Injured hikers airlifted from Camp Muir with help of Army Reserve team

Here is the NPS press release about the recent incident on the Muir Snowfield. We'll attempt to put more information online when we can.

Injured hikers airlifted from Camp Muir with help of Army Reserve team

Two hikers suffering from hypothermia and frostbite were airlifted from Camp Muir on Mount Rainier at 6:15 this morning, with the help of a Chinook helicopter operated by members of the Army Reserve’s 159th Aviation Regiment at Fort Lewis. They were taken to Madigan Hospital and from there by ground transportation to Harborview Medical Center in Seattle.

The injured hikers were Mrs.Mariana Burceag and Mr. Daniel Vlad of Bellevue, Washington. A third hiker, Mr. Eduard Burceag, the husband of Mrs. Burceag, died of injuries sustained in the incident. His body is being removed off the mountain this afternoon.

The three individuals are experienced mountaineers who had visited Camp Muir in the past and have enjoyed hiking and climbing on Mount Rainier for many years. Two had previously reached the summit. On Monday afternoon, they became trapped on the Muir Snowfield by a sudden blizzard while descending from a day hike to Camp Muir. Early Tuesday morning a 911 emergency call came through to park rangers advising them of overdue hikers on the Muir snowfield. Due to heavy, drifting snow, seventy miles per hour winds, and near zero visibility, a rescue team was unable to safely initiate a search at that time. At about 7:15am, one member of the party found his way to Camp Muir and was able to direct a search team, made up of climbing guides and park rangers stationed at Camp Muir, to the party’s location near Anvil Rock. All three of the stranded hikers were under shelter by 8:30am. Three doctors, who were at Camp Muir as clients of one of the park’s guide services, provided immediate medical care. Mr. Burceag was unconscious and unresponsive upon arrival. Rescuers were unable to revive him.

The shelter at Camp Muir is warm, dry, and well-stocked with food and water. A carry-out rescue could have been initiated following the rescue, however, rangers and doctors determined it would be in the best interest of the patients to spend the night and wait for a break in the weather to safely fly the next day. This morning dawned clear above Camp Muir, with heavy clouds below. The Chinook helicopter arrived at 6am and, in approximately 15 minutes, lifted Mrs. Burceag and Mr. Vlad, along with one of the park’s climbing rangers, into the helicopter by hoist and cable. Those on scene report that the cloud ceiling had risen somewhat by the time the helicopter arrived, and that the rescue occurred amid swirling clouds that threatened to engulf the mountain in fog.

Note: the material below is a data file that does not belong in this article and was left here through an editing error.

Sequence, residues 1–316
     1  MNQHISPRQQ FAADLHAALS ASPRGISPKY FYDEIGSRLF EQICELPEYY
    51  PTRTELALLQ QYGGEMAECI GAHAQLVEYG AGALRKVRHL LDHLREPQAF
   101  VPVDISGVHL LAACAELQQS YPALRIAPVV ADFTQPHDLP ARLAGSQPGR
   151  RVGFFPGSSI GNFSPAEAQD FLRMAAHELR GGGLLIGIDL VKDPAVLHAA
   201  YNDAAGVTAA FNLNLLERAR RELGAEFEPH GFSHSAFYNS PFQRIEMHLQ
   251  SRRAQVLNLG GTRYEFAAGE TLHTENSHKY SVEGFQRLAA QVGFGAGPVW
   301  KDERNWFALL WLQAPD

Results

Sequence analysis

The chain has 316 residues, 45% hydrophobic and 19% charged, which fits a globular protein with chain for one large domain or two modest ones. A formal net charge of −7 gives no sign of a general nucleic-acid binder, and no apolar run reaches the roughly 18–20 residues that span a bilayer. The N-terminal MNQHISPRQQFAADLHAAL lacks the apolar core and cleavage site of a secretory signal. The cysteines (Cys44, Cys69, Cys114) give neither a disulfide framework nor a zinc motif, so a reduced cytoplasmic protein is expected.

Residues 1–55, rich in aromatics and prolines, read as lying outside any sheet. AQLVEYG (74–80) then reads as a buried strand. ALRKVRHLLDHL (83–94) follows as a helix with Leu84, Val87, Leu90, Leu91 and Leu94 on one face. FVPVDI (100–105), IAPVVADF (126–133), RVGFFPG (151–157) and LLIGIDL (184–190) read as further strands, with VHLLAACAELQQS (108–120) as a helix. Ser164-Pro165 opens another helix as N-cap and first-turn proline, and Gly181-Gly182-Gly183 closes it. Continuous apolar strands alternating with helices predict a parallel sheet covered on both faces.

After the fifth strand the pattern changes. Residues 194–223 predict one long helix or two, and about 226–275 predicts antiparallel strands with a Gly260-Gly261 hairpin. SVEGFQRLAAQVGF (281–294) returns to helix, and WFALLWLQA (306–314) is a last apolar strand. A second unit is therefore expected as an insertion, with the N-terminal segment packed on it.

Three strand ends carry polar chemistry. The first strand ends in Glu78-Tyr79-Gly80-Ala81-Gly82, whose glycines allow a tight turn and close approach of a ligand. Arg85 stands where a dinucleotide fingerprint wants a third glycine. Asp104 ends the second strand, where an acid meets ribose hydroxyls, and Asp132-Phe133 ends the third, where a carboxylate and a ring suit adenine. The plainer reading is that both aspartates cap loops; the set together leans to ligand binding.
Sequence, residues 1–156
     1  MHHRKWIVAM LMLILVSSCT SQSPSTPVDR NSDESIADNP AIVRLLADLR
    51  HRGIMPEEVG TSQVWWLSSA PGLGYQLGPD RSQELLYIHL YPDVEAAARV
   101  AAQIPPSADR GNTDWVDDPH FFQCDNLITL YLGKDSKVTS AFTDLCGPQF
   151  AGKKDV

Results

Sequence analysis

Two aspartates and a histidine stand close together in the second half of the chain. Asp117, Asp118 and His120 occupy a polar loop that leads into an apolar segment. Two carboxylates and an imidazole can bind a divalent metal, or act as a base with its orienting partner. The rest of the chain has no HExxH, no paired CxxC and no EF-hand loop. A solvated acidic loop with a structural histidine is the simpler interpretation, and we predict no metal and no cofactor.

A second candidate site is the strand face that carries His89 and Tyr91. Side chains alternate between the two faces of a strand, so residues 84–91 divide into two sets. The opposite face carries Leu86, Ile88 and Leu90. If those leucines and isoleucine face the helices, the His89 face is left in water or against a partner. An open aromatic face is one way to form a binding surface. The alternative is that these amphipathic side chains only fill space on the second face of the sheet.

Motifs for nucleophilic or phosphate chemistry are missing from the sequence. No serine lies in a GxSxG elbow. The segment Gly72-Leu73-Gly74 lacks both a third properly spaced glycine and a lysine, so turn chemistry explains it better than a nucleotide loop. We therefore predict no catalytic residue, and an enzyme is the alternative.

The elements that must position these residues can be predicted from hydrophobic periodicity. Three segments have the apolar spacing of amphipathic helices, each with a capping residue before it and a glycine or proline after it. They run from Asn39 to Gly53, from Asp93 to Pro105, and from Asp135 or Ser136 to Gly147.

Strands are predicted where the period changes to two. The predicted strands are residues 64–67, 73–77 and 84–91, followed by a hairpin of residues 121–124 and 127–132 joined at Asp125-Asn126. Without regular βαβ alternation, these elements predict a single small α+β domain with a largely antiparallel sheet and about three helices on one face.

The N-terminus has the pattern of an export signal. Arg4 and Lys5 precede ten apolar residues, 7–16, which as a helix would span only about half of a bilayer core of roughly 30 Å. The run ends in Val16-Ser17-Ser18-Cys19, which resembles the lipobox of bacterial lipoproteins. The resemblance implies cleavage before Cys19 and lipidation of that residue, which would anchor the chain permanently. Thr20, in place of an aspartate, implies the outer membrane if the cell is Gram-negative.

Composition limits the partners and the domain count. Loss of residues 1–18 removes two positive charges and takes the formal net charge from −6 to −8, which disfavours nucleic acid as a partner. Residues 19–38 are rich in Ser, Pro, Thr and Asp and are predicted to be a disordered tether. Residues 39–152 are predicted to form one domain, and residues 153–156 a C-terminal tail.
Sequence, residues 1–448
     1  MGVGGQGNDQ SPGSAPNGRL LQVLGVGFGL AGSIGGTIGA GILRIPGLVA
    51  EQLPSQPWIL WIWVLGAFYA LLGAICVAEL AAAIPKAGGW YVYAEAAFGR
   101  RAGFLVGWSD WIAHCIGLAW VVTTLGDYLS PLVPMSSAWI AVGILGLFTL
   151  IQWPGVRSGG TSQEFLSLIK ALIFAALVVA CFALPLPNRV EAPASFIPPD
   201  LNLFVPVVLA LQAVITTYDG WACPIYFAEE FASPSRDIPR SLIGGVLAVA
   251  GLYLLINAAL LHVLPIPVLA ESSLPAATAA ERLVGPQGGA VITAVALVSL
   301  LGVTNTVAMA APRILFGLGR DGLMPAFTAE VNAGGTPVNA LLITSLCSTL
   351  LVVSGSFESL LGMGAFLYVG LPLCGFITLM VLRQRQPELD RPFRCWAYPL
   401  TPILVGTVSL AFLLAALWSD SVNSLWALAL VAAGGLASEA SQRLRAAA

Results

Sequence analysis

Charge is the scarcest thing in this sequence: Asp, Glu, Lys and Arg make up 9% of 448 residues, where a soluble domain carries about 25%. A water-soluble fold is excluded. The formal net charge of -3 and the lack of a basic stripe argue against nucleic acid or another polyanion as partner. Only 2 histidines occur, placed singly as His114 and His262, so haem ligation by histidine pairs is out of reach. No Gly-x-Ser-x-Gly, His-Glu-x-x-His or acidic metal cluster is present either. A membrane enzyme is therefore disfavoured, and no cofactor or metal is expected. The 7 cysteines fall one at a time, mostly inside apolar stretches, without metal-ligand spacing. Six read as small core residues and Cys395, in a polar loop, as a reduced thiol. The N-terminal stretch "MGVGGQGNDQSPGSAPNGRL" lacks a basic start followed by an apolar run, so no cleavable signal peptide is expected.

The Chinook helicopter was operated by members of the U.S. Army Reserve, “A” Company, 5th Battalion, 159th Aviation Regiment at Fort Lewis, Washington. [Note: Yesterday’s press release attributing the helicopter to the 101st Airborne Division was incorrect.] This reserve unit has worked with park officials at Mount Rainier on numerous rescues over the years, and has been invaluable as a backup resource when private vendors are unavailable or lack the capabilities required by the mission. In this case, for instance, the Chinook was able to fly out of Fort Lewis by instruments, despite the low clouds and poor visibility that grounded commercial helicopters. Over the years, the Reserve unit’s helicopter has been modified in several ways to accommodate the needs of Mount Rainier’s climbers: with a fixed line inside the aircraft for climbers to clip into; with removable plywood flooring to accommodate climbers’ crampons; with a special hoist for lifting individuals into the helicopter; and with flight helmets for use by park rangers, outfitted with avionics for communicating with the helicopter team.

Every year, roughly 9,000 people climb Mount Rainier and only about half of them reach the summit. Thousands more take day hikes or overnight camping trips to Camp Muir (48 were registered there on Tuesday night). These individuals are attracted by the majesty of the mountain, the wilderness experience, and the breathtaking beauty of mornings like this one, high above the clouds on the side of the volcano. Like many things in life, there are inherent risks in the wilderness. Sudden storms like Monday’s blizzard can catch even the most experienced and prepared hikers off guard. Visitors should check in with park rangers for the latest information about conditions on the mountain, and should always be prepared for an emergency.